He and The Executive Director met with Anthony Spinelli, The Networker, from the local chapter of the Small Business Group.

    “Nice to finally meet you Noodle Church,” Anthony said while he reached out to shake Noodle’s hand.

“I heard you work at Majesty. My firm handles all of their accounting,” he winked. “I used to be The Manager at Club Warehouse before it was shuttered. And that led to this job at The Accounting firm. I know The Italian,” he winked again.

    Noodle stared back with Big Eyes.

    “What you need to drive business in this neighborhood,” Mr. Spinelli began, “Is lights! Bright lights flashing everywhere so that people know we’re here and open for business. Giant spotlights circling the sky so people will come from miles around. Trust me! People see a spotlight in the sky and think ‘I wonder where that’s coming from?’ They’ll follow the light all the way in like a moth. ZAP!” he yelled and clapped his hands, “We Got’m!”

    “That’s one idea,” Noodle said.

    “And I know the people who rent these lights. We’ll rent them out to you for a discount! And you’ll need lights on the marquees and lights around all the windows. It’s all about the lights baby!”

    “Sounds a lot like Casino Town,” Noodle smiled.

    “And you need entertainment. People will come for the entertainment. We’ll get musicians to walk up and down the sidewalk playing the trumpet. People will drive by and think ‘What a great neighborhood’!”

    “But who’s going to pay for all that?” Noodle wondered.

    “I know people,” The Networker answered, “We’ll get you a discount!”

    “Here’s what I think,” Noodle began, “Let’s get all the restaurant owners together and see what they want to do. If there’s a consensus, maybe something organic will emerge.”

    While Noodle was meeting at MetroNorth Main Streets, The Manager was in a meeting of his own, with The Spook.

    “Word on the street is that The Majesty is moving a lot of cocaine,” The Spook condemned.

    “I don’t know what you’re talking about,” The Manager dismissed. “But that’s Police, or DEA business at best. We’re here to catch The Terrorists.”

    “Well, the DEA has a line on The Italian’s Assistant selling cocaine from her office.”

    “That’s not our job! Anyway, I thought you guys don’t talk to DEA because of their lack of pedigree.”

    “Trust me, I could care less. Let the scum snort themselves to an early death is what I say. But here’s how it affects us. If the DEA or City brass start sniffing around, then the Arabs will get scared and it blows everything we’ve built. This place has to feel like a safe haven for the criminal elite. No Police!”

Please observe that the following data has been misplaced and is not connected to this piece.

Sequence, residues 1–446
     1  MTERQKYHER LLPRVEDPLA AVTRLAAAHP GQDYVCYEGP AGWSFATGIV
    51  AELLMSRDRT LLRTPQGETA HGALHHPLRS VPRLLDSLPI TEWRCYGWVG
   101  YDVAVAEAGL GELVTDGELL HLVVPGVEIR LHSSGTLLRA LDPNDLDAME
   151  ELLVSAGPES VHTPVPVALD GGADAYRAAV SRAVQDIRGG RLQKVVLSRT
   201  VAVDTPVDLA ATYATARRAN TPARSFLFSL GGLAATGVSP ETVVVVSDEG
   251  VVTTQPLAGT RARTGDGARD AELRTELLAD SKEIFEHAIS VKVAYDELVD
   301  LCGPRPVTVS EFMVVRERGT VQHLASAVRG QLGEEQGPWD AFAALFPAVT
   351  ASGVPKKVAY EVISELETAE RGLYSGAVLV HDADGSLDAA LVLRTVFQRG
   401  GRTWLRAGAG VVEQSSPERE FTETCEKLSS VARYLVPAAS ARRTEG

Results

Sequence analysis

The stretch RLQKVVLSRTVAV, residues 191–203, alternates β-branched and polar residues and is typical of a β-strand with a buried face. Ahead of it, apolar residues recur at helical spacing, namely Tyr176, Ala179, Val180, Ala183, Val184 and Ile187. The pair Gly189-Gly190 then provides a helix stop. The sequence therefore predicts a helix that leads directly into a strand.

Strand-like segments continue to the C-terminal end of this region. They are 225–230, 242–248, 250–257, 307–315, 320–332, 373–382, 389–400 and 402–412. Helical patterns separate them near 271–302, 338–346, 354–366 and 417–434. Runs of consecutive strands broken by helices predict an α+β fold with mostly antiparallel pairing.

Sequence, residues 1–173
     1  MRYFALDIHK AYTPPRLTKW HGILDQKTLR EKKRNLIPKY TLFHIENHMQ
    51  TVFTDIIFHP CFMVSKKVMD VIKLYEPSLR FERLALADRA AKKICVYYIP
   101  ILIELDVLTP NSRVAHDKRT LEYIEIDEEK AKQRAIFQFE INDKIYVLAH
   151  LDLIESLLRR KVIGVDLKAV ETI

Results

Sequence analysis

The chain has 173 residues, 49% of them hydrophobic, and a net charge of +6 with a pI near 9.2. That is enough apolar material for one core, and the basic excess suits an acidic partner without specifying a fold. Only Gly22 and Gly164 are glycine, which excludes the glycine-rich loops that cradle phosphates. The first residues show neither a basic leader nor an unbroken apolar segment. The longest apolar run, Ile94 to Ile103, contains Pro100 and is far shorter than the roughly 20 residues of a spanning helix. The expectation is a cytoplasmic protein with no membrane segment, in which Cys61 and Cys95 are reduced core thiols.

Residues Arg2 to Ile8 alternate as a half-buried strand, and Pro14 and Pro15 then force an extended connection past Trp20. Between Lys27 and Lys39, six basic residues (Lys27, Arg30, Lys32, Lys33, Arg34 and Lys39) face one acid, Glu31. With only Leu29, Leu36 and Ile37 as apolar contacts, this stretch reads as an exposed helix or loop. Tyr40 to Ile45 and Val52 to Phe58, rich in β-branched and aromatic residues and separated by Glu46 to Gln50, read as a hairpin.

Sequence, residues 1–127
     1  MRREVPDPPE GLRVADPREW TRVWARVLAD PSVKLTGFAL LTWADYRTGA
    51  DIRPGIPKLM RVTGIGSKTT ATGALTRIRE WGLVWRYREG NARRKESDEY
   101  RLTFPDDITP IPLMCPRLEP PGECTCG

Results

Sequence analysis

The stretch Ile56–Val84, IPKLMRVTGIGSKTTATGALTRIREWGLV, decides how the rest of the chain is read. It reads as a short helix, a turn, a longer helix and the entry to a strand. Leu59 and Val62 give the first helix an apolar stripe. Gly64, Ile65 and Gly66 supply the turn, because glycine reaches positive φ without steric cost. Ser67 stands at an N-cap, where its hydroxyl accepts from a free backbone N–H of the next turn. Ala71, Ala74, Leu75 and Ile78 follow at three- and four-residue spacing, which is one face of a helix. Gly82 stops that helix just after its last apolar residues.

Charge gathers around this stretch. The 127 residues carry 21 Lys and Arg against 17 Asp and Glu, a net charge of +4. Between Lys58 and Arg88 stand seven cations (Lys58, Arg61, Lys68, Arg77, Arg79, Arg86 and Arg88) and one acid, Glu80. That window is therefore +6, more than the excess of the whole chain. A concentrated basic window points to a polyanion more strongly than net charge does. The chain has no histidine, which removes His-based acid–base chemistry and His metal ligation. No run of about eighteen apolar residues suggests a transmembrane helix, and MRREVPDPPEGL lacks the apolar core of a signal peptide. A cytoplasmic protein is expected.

“Copy that. I’ll try to curb the dealing – but they’re not going to stop. At best, I might be able to slow it down a little,” he said and hung up the phone.

    “I’m going to miss you,” The Diplomat said to Noodle.

    “When do you start school in Liberty Nation?”

    “My flight leaves next week. I start school a week after that.”

    “What are you going to do with all your stuff?”

    “I’m going to leave most of it here.”

    “You can put some of your stuff in my basement if you’d like. My house is like a fortress. No one comes over, and between the two units someone’s always home. Plus, I’m pretty much stuck there for life!”

    The next morning Noodle awoke to a text from The Supervisor.

    ‘Can you come in ASAP? The Manager needs your help setting up.’

    Noodle threw on a torn fire department sweatshirt and ran into Majesty but he couldn’t find The Manager.

    The Meat Packer was spray painting enormous Styrofoam airplanes an artist had built, but Noodle couldn’t figure out what he was there to do.

    He found The Italian’s Assistant taking pictures of the floor.

    “Do you know why The Manager needs me?” Noodle asked.

    “Nope. I’m here because we’re putting in new floors. I’m going to order an extra thousand square feet and have it shipped to my house so I can get a new floor too!”

    “Oh,” Noodle sighed. He was tired and hungry. He was just out of bed.

    “Some people are like, Me Me Me…, you know what I mean?” The Manager asked when Noodle walked over.

As usual, Noodle didn’t know what he meant.

The Italian was watching them from across The Club. “What does he want? To be a firefighter?” The Italian condemned.